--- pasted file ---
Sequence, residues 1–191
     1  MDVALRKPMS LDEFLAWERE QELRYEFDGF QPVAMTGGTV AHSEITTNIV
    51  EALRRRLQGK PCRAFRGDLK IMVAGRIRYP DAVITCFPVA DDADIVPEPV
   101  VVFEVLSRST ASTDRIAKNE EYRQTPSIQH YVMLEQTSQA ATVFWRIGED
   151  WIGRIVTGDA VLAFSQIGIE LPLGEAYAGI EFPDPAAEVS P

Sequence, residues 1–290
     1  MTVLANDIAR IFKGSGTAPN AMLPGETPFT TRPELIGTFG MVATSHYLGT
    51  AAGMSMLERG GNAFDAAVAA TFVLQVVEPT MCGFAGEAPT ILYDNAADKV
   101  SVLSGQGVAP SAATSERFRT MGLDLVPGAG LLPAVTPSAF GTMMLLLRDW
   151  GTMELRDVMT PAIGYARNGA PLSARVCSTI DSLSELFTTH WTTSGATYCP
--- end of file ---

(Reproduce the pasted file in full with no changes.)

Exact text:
Sequence, residues 1–191
     1  MDVALRKPMS LDEFLAWERE QELRYEFDGF QPVAMTGGTV AHSEITTNIV
    51  EALRRRLQGK PCRAFRGDLK IMVAGRIRYP DAVITCFPVA DDADIVPEPV
   101  VVFEVLSRST ASTDRIAKNE EYRQTPSIQH YVMLEQTSQA ATVFWRIGED
   151  WIGRIVTGDA VLAFSQIGIE LPLGEAYAGI EFPDPAAEVS P

Sequence, residues 1–290
     1  MTVLANDIAR IFKGSGTAPN AMLPGETPFT TRPELIGTFG MVATSHYLGT
    51  AAGMSMLERG GNAFDAAVAA TFVLQVVEPT MCGFAGEAPT ILYDNAADKV
   101  SVLSGQGVAP SAATSERFRT MGLDLVPGAG LLPAVTPSAF GTMMLLLRDW
   151  GTMELRDVMT PAIGYARNGA PLSARVCSTI DSLSELFTTH WTTSGATYCP